False light invasion of privacy occurs when information is published about a person that is false or places the person in a false light, is highly offensive to a reasonable person, and is published with knowledge or in reckless disregard of whether the information was false or would place the person in a false light.
Although this tort is similar to defamation, it is not the same. The report need not be defamatory to be actionable as false light. This type of invasion of privacy tends to occur when a writer condenses or fictionalizes a story, or uses stock footage to illustrate a news story.
False light includes embellishment (the addition of false material to a story, which places someone in a false light), distortion (the arrangement of materials or photographs to give a false impression) and fictionalization (references to real people in fictitious articles or the inclusion in works of fiction of disguised characters that represent real people). Some courts may consider works of fiction constitutionally protected expressions even if they contain characters that resemble, or clearly were based on, identifiable individuals known by the author or creator.12
The use of a person’s name or likeness for commercial purposes without consent is misappropriation. The law protects an individual from being exploited by others for their exclusive benefit. A person’s entire name need not be used. If the person could reasonably be identified, the misappropriation claim probably will be valid.13
However, incidental references to real people in books, films, plays, musicals or other works, whether fact or fiction, generally are not misappropriations.14 Moreover, use of a photograph to illustrate a newsworthy story is not misappropriation. Even if a photo is used to sell a magazine on a newsstand, courts usually will not consider that use a trade or commercial purpose. The line between news and commercial use is not always clear, however, and even photographs used to illustrate an article may create liability for misappropriation if the article has an overriding commercial purpose.15
Right of publicity
Some states recognize a right of publicity, which protects a celebrity’s commercial interest in the exploitation of his or her name or likeness. In some jurisdictions, this right may descend to heirs or be assigned to others after the person’s death.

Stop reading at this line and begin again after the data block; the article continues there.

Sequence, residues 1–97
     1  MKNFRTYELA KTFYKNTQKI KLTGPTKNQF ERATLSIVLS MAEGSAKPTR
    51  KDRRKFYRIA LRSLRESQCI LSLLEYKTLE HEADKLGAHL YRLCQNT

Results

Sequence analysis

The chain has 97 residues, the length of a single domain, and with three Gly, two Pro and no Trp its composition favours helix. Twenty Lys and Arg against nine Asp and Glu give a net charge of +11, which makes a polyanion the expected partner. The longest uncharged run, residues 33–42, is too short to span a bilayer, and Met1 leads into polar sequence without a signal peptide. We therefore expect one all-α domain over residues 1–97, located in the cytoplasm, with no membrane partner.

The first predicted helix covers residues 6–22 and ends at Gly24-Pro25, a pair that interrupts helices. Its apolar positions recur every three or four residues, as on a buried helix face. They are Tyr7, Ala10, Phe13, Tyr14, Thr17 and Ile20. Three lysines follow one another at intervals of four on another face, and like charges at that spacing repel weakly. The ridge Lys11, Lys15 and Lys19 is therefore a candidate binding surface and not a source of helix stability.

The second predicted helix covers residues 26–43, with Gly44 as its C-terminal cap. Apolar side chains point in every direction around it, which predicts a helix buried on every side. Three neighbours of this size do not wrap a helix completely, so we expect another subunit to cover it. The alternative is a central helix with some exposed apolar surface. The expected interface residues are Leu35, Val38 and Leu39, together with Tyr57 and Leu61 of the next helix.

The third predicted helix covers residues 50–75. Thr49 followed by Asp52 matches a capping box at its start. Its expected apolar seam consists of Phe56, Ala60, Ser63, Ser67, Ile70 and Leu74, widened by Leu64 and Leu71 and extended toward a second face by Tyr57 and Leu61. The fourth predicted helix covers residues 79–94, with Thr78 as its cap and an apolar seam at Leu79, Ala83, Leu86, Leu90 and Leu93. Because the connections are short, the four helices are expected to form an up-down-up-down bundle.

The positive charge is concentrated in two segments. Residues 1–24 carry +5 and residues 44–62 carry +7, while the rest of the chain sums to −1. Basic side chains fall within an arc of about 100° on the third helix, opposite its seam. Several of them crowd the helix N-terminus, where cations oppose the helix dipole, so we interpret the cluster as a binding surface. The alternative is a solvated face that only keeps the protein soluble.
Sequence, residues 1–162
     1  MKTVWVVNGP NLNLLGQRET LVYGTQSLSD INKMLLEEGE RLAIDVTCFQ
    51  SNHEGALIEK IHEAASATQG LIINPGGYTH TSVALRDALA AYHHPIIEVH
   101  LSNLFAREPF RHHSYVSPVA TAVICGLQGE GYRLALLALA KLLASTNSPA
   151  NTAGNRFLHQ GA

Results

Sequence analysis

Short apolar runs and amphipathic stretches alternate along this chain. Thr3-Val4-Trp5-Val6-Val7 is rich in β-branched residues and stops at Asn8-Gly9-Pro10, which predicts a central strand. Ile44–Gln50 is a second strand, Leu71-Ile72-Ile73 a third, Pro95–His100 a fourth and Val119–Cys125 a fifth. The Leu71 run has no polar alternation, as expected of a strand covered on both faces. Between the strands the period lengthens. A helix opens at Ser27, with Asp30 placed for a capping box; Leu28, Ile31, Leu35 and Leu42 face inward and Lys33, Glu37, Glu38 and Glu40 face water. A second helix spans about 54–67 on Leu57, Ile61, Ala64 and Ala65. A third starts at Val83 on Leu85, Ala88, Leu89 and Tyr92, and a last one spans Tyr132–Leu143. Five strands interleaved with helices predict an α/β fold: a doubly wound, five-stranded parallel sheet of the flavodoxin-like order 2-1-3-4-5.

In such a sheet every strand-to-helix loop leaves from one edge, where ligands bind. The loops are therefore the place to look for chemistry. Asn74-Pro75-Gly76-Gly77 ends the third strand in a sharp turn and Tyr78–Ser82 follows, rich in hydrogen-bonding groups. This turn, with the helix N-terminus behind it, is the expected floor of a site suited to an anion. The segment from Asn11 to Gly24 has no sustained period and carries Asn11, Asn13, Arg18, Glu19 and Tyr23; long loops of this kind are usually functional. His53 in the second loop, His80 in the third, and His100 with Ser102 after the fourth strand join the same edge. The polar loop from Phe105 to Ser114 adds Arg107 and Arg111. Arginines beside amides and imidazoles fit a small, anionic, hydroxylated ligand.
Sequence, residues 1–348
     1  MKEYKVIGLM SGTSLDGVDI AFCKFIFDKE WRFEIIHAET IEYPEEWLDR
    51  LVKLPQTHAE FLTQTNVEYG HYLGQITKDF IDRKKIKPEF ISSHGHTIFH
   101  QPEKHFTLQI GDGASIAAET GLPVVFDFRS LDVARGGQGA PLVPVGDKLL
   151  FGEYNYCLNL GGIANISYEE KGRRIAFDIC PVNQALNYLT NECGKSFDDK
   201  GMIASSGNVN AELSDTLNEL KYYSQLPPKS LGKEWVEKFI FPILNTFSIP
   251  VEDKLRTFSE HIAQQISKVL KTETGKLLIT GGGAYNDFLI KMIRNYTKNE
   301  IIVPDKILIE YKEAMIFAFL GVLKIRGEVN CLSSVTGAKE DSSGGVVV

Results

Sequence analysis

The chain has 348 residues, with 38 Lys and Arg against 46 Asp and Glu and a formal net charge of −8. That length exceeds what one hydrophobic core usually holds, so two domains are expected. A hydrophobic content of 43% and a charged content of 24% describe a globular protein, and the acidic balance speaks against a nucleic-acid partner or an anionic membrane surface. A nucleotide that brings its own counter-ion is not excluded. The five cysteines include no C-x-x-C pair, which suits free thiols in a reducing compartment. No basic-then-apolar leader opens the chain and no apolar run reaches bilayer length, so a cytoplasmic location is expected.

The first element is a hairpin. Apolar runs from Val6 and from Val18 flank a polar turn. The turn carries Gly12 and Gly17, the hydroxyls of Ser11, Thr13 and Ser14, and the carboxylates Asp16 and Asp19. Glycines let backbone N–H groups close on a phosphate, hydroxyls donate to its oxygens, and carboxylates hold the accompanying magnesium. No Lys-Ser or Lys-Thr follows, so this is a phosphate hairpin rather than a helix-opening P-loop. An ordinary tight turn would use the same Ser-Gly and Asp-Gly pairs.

Use of a famous person’s name or likeness, without consent, to sell a product is usually misappropriation. However, other unauthorized uses of celebrities’ images may violate their publicity rights.
Model Christie Brinkley, for example, successfully sued to stop the unauthorized use of her picture on posters that hung in retail stores but did not advertise any product.16 Thus, trading on a celebrity’s fame and popularity even for noncommercial purposes, including public relations campaigns or other promotions, is an unauthorized use of the famous person’s name or likeness that could violate his or her right of publicity.
12. See, e.g., Polydoros v. Twentieth Century Fox Film Corp., 965 P.2d 724 (Cal. 1998), aff’g 79 Cal. Rptr. 2d 207 (Cal. Ct. App. 1997).
13. See, e.g., Wendt v. Host International, 125 F.3d 806 (9th Cir. 1997) (holding that actors from television series could sue owner of airport bars featuring robots displaying likenesses to their characters from the series).
14. Benavidez v. Anheuser-Busch, Inc., 873 F.2d 102 (5th Cir. 1989).
15. See Hoffman v. Capital Cities/ABC, Inc., 33 F. Supp. 2d 867 (C.D. Cal. 1999) (ordering magazine to pay $1.5 million in actual damages for publishing actor’s electronically altered photograph as part of an article on new spring fashions and authorizing punitive damages in addition to actual damages), rev’d, 255 F.3d 1180 (9th Cir. 2001); see also Solano v. Playgirl, Inc., 292 F.3d 1078 (9th Cir. 2002), cert. denied, 537 U.S. 1029 (2002).
16. Brinkley v. Casablancas, 438 N.Y.S.2d 1004 (N.Y. App. Div. 1981).